Being Instead of Appearing
In the world in which we’re living, we are continuously assaulted by excessive communication and a systematic glorification of the ego.
Everyone wants to have a great theory about everything, any act of kindness or altruism is reflected in social media or on some internet outlet; as if kindness and a civic attitude should be publicly recognized, as if keeping it to one’s self would be unthinkable.
Countless sports, art and political professionals are showing more and more interest in demonstrating charisma, the gaining of followers, and their public relevance.
A few centuries ago, the Greeks desire for immortality was understood as performing a heroic action that would transcend all of time. But they were interested in the action in itself, and their ego wasn’t fed until their legitimate value was recognized for having developed an intellectual or strategic activity that deserved such a response.
Nowadays, everyone is concerned with public recognition, for their thoughts, actions, and other normal processes in a human’s life (the most amazing wedding, the cutest pregnancy, the most delicious-looking dinner). They’re concerned about a load of friends and followers who would never show up to talk to you about something private or serious.
“Be yourself; everyone else is already taken.”
― Oscar Wilde
Happiness is said not be real unless it’s shared, but in today’s world, we are constantly sharing our moments with others and interestingly enough, we seem to have less true happiness. We’re losing out on good conversation that doesn’t involve talking about your achievements or heroic acts, but instead a loving intimacy with secrets from the heart, an intimacy so beautiful it can only be shared with a few.
Some people are overwhelmed by all of the false appearances, by the egos, by telling people what they want to hear and opt for a disused art: the art of insignificance. It’s not forced insignificance, but there are simply people that get to a point in their lives when they’re tired of impressing others and being impressed.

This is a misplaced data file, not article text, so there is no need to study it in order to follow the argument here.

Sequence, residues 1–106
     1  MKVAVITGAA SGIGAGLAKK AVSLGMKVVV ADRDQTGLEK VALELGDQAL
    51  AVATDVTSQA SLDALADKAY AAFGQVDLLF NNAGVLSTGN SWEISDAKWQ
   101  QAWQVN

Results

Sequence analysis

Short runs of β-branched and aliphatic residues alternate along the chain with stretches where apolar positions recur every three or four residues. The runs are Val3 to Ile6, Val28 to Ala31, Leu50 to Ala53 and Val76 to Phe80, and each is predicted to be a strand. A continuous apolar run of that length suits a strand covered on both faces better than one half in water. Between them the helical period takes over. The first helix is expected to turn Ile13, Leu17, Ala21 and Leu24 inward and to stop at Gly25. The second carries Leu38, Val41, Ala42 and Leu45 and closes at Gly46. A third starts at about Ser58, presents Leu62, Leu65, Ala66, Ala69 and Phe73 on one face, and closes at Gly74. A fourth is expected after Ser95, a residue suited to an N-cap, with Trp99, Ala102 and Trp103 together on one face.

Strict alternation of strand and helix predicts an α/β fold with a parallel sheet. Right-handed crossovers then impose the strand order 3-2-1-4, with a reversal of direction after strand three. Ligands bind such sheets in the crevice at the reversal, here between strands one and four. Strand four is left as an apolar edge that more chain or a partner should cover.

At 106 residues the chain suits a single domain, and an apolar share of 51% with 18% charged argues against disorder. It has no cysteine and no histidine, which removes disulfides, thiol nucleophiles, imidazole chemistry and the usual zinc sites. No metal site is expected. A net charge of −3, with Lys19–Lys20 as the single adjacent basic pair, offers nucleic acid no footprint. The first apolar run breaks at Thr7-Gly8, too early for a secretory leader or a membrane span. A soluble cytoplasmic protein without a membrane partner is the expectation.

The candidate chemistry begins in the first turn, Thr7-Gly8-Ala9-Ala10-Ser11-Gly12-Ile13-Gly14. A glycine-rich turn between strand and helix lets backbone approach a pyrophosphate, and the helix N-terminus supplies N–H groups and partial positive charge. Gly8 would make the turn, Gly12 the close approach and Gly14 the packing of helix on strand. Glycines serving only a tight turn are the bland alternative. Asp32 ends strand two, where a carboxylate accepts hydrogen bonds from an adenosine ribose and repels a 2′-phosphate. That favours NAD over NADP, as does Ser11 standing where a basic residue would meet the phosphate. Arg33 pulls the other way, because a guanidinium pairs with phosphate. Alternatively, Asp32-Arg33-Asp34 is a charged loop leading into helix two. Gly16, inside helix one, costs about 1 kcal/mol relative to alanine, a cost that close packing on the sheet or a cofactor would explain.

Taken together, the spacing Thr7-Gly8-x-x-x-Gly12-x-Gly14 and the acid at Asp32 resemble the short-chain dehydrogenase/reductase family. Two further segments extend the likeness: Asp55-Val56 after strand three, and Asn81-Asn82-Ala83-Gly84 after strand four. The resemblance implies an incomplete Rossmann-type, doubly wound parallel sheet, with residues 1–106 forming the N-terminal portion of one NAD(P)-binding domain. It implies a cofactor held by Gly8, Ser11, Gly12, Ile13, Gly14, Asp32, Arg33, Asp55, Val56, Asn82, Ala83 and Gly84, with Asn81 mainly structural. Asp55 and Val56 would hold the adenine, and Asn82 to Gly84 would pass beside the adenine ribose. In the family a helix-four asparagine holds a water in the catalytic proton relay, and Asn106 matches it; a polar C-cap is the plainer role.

They choose to experience joy without the anxiety of wishing to be somewhere else, at some other point in time; they want to grow, read, watch movies that aren’t necessarily recommended, and have their own traditions filled with elegance and strength. In short, they care about being, not appearing.
They’re the kind of people we don’t often find; who when we’re with them, we don’t need to share our pasts with because the experience is so intense that there isn’t enough time or interest to show it to others. The gallery doesn’t seem attractive to them.
They just keep looking at you more and more insightfully, distrusting any halo of “perfection” that may appear to surround you. They like to listen, and think. The amazing author Milan Kundera, has explored the pleasure of “insignificance” in her writings. She discusses tranquility, calm, and the lightness of the being, and her works are recommended reading for anyone who feels overwhelmed by the overdose of information.
There may only be a few of you, but you will find peace and calm, and great fun in keeping your life a little more private, and knowing that your persona hasn’t totally lost it’s essence when faced with an intense insistence to contemplate other people’s egos.
Keep some things to yourself, so that when that one and one relationship that you so strongly crave is lacking magic and mystery, and you’ve offered everything else and ended up with nothing, you still have a few tricks up your sleeve.